Occult Academy took this wonderful setup and completely squandered it. From episode two through ten, the main story is cast to the sidelines and replaced with an episodic "monster of the week" anthology, interjected with dreadfully boring slice-of-life scenes featuring Fumiaki's fling with Mikaze, a character that somehow manages to be both incredibly dull and a blindingly obvious red herring. From the moment we see her, we know that she's hiding something... not because the show drops any ominous hints or anything of the sort, but merely because that her character is totally extraneous and distracting from the narrative if taken at face value.

So I endured eight episodes of episodic frivolity that had no connection, explicit or otherwise, to the main plot of the show. Sometimes these standalone stories were entertaining, sometimes they weren't. At yet, the specter of the alien invasion always lay in the back of my mind. Weren't Fumiaki and Maya supposed to be looking for Nostradamus' Key? Why were they wasting time on things like weekend dates and summer festivals when the world is in peril? Was there any point to all this nonsense? To add insult to injury, the animation quality also took a nosedive, as if to match the mediocrity of the writing.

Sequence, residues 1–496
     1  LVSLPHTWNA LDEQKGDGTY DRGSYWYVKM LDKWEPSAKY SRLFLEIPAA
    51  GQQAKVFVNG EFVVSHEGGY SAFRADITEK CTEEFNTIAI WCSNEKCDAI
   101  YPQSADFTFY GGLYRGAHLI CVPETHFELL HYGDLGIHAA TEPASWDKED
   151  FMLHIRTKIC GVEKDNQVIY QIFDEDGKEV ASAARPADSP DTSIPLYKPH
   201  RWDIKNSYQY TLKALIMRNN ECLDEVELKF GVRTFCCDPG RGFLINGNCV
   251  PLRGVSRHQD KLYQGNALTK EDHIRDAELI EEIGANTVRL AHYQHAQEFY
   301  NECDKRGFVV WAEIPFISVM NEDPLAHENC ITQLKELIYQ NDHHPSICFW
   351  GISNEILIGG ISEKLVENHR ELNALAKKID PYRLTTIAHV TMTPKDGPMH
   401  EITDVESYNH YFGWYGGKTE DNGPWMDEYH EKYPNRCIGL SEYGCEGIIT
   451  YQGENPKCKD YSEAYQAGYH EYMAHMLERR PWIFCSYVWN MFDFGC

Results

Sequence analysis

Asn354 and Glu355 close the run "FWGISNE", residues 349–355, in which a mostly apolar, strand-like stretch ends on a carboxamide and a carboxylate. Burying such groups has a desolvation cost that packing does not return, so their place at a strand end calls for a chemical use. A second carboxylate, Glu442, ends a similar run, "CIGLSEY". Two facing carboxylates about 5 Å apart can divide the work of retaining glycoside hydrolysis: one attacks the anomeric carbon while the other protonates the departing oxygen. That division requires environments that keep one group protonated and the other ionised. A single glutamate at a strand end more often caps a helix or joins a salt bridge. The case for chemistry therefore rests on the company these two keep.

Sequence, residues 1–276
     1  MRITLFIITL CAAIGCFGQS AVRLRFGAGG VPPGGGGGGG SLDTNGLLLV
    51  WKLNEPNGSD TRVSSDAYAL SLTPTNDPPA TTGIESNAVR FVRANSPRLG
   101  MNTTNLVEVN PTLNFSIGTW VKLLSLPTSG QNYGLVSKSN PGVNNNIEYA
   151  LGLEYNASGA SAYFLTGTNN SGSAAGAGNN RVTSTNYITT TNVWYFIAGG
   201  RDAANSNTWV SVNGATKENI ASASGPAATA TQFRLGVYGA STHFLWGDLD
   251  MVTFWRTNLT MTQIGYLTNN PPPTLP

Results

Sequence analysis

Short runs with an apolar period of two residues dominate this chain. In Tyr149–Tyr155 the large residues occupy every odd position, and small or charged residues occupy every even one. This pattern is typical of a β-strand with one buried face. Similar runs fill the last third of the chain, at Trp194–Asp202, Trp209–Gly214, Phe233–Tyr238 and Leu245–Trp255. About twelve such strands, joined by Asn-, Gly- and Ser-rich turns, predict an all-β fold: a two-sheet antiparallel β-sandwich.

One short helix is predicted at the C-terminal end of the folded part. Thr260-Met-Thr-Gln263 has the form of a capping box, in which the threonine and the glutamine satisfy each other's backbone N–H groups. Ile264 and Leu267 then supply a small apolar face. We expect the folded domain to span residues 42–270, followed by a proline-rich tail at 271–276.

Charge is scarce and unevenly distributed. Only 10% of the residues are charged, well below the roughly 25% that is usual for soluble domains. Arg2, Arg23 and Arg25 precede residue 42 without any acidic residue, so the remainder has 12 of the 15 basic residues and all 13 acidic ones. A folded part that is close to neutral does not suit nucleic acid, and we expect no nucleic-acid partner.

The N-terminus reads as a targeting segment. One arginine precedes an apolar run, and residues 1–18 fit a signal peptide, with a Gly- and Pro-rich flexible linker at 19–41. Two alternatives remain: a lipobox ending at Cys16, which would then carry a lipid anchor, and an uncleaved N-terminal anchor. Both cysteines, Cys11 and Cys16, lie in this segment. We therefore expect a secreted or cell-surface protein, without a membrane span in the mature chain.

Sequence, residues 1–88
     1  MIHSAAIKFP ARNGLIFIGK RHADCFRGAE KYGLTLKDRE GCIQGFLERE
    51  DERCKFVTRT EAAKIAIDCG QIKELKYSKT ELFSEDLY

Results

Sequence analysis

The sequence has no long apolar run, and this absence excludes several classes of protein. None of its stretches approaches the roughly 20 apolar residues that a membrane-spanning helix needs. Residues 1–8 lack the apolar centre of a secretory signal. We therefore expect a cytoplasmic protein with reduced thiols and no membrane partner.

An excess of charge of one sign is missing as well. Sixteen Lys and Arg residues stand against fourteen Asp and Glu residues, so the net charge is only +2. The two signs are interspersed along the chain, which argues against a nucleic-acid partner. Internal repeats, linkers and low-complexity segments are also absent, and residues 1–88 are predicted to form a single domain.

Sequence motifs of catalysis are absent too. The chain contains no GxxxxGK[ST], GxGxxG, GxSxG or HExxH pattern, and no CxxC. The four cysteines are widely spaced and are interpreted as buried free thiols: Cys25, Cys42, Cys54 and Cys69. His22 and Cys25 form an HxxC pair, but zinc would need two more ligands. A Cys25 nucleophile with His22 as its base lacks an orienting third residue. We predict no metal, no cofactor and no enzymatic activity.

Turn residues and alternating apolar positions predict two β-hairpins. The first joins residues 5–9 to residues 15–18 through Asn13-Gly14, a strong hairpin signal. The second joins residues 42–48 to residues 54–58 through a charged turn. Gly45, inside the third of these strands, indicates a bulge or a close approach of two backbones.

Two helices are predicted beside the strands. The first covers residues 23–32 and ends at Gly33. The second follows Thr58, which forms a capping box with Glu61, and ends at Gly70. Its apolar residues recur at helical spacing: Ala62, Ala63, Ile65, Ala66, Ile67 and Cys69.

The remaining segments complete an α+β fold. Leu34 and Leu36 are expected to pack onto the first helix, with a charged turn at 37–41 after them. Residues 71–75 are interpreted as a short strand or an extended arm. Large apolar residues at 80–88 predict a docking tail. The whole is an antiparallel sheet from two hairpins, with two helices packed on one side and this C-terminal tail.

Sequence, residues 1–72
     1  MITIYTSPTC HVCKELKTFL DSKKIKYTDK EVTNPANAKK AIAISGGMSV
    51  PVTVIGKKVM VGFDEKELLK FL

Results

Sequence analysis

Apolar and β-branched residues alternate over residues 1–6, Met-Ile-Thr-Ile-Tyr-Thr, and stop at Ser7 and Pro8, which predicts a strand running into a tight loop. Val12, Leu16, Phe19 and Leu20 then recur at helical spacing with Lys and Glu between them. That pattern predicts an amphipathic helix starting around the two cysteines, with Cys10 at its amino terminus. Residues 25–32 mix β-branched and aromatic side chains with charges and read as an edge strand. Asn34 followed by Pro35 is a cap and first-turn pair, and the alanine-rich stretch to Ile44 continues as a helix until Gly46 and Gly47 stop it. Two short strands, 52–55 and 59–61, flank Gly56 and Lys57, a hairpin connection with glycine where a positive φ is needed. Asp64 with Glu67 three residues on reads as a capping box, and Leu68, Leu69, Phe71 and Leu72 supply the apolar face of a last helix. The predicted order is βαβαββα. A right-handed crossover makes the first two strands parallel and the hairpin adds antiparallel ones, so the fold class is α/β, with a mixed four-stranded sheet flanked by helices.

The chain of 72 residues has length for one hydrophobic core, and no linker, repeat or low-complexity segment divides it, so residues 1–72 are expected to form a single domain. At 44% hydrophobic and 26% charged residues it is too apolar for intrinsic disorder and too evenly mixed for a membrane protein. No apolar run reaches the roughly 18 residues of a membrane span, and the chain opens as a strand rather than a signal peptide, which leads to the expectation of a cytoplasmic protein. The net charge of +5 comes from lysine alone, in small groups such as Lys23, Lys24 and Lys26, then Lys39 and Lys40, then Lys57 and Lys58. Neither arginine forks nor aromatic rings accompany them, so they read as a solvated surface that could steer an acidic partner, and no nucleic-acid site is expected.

Seemingly reacting to my chagrin, the writers tried to tie it all together in episodes eleven and twelve. "Those episodic occult encounters weren't pointless!" they told me. "It was actually a secret plot by Mikaze all along! She created those monsters to kill Fumiaki and Maya!" My response was incredulous. "Seriously? I might have believed that if you had bothered building up to that revelation, or at least dropped a few hints about Mikaze's true nature. But instead you just neglected the main plot for eight friggin' episodes, then pulled some BS out of your ass and tried to pretend it was part of the plan all along. What, did you learn screenwriting from George Lucas?"